Women bear the brunt as Zim hits hard times again

HARARE - It feels almost like 2008 all over again in Zimbabwe.

In 2008, the country was embroiled in one of the worst economic hardships in history, which forced millions of people to flee to neighbouring states, including South Africa, to escape an economic meltdown which led to widespread shortages, 80 percent unemployment and inflation economists estimated to be at least 2 million percent.

The 2008 crunch may be over, but the Women’s Coalition of Zimbabwe (WCoZ) warned last week that as commodity and food prices continue to increase, women are finding it increasingly difficult to put food on the table.

WCoZ said the new tax on electronic payments has also overburdened already suffering women, who are overrepresented among the poor and among those that hold low paying jobs.

Finance minister Mthuli Ncube on October 1 announced the 2 percent tax, saying the money raised would be used in the roads, health and education sectors.

The tax has been applied to mobile, card payments and bank transfers above $10 with exceptions for foreign payments and transfer of government funds.

“Loss of women’s income will inflict untold suffering upon children and cause families to remain in the poverty trap,” the non-profit organisation warned, adding women are feeling the pain and bearing the worst brunt.

Nationally, the number of jobless women has reached an all-time high.

While the country’s financial markets were being rocked by fears of a new recession, Cleo has been locked in the more mundane struggle of putting food on the table by selling her body.

The hooker, who resides in the Avenues, like hundreds of women across the country, has found herself forced to join the swelling ranks of commercial sex workers. She is one of the younger girls being dragged into prostitution because of the worsening economic crisis.

Cuts in funding to women’s projects had reduced the options open to women and girls other than prostitution. And rising poverty and a State-led crackdown on vending is being blamed for driving more women into the sex industry against their will.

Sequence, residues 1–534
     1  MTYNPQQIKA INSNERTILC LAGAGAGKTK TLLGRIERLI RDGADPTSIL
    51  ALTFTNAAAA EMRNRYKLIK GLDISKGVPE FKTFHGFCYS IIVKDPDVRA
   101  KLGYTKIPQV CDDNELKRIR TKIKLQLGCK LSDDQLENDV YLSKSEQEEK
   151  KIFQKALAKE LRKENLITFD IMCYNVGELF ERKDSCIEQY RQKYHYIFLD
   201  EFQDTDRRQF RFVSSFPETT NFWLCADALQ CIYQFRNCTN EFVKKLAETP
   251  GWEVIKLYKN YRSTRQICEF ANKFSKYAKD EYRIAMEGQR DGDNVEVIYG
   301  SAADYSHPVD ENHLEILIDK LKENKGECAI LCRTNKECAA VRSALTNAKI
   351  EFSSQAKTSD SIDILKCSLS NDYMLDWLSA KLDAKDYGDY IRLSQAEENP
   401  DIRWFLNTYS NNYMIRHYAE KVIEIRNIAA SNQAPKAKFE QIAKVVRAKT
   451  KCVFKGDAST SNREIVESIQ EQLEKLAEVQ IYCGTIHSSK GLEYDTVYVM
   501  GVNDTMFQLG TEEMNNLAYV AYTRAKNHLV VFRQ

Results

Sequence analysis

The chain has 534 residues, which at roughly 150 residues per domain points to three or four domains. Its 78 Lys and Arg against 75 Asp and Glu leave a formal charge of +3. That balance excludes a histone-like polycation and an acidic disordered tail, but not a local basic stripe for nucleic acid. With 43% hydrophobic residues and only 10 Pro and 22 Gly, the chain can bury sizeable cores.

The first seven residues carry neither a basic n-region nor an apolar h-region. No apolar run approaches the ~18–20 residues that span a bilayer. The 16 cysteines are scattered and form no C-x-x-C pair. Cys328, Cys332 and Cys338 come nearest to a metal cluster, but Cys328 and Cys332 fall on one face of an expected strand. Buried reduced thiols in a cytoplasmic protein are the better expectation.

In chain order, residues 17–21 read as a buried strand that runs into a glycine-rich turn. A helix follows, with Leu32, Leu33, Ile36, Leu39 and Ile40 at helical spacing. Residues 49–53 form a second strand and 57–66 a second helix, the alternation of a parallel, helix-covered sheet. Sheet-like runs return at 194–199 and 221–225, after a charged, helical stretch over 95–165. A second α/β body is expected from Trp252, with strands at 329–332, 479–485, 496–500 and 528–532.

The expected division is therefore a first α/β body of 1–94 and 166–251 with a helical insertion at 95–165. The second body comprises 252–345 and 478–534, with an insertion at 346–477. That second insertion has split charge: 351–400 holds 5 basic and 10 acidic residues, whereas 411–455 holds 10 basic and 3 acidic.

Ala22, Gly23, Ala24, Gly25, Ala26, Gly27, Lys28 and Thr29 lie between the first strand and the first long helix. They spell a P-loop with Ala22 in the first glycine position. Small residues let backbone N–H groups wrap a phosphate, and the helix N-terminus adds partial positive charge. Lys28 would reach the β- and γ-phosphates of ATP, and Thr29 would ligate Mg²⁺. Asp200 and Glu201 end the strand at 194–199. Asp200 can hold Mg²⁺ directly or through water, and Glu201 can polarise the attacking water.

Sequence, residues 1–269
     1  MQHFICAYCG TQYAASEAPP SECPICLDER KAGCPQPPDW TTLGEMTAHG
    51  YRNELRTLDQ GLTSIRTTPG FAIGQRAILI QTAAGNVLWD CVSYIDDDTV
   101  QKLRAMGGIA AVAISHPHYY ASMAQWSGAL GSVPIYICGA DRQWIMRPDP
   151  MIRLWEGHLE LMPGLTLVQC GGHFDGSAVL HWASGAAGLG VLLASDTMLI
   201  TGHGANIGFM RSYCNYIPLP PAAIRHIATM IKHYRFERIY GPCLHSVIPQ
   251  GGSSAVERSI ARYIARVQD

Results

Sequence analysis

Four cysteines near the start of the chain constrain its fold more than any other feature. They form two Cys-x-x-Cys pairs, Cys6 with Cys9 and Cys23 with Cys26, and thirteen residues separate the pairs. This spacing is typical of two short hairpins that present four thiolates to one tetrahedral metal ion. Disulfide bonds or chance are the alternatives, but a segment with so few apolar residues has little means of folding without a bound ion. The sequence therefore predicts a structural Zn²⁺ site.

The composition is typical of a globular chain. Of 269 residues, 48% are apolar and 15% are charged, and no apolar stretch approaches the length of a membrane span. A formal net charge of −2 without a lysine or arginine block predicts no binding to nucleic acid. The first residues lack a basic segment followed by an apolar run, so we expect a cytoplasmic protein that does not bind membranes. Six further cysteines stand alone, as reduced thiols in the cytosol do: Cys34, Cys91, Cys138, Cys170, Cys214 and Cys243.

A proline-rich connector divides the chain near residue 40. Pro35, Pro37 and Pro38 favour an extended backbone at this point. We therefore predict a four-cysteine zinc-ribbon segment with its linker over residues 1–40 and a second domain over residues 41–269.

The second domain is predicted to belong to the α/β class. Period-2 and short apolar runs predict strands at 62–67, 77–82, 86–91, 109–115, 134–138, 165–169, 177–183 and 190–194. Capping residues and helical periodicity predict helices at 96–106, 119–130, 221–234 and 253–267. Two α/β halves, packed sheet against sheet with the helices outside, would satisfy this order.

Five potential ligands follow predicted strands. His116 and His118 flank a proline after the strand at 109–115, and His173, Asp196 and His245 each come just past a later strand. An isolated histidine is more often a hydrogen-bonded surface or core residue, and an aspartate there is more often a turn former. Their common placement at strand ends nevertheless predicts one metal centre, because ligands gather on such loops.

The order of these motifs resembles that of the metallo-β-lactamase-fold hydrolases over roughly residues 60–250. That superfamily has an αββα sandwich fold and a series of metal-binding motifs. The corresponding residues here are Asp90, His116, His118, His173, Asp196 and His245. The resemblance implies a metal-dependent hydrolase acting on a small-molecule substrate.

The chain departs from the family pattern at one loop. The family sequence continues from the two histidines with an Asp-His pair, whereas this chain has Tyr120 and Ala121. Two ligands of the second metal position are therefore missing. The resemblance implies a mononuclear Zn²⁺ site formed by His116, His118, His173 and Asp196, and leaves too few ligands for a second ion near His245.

Cleo, who fends for her child through this unpopular job, said she and her colleagues were being abused by clients who refused to pay for services rendered or merely paid “sick money.”

“Business is very low these days, one cannot tell whether it’s month-end or not. Clients who approach us for services sometimes have as little as $2 to offer. One has no choice but to accept the payment since times are tough,” she said ruefully.

“During the week it’s worse. There is no business. One waits in the cold until they just decide to return to the apartment and sleep. In some incidences, clients have given the impression that they will pay afterwards, but when the service has been rendered, they bolt out of the room and one is left helpless with nowhere to report to.”

Priscilla Misihairabwi-Mushonga, an opposition legislator, said women have become more prone to different forms of abuse in these tough economic times.

“Gender-based violence is on the increase. With the reversal of gender roles whereby she is active in the informal economy while the man remains at home, she can’t treat him as a ‘god’ anymore. He has become a liability for her and most men are not happy with this arrangement,” she said.

“Women are prone to abuse as long as the economy is the way it is, with exchanged gender roles. Women are being accused of being involved in extra-marital affairs. The African man can’t accept the shift of roles in the home, changing diapers, cooking while the woman is away at work and that is a problem that we are facing at the moment.”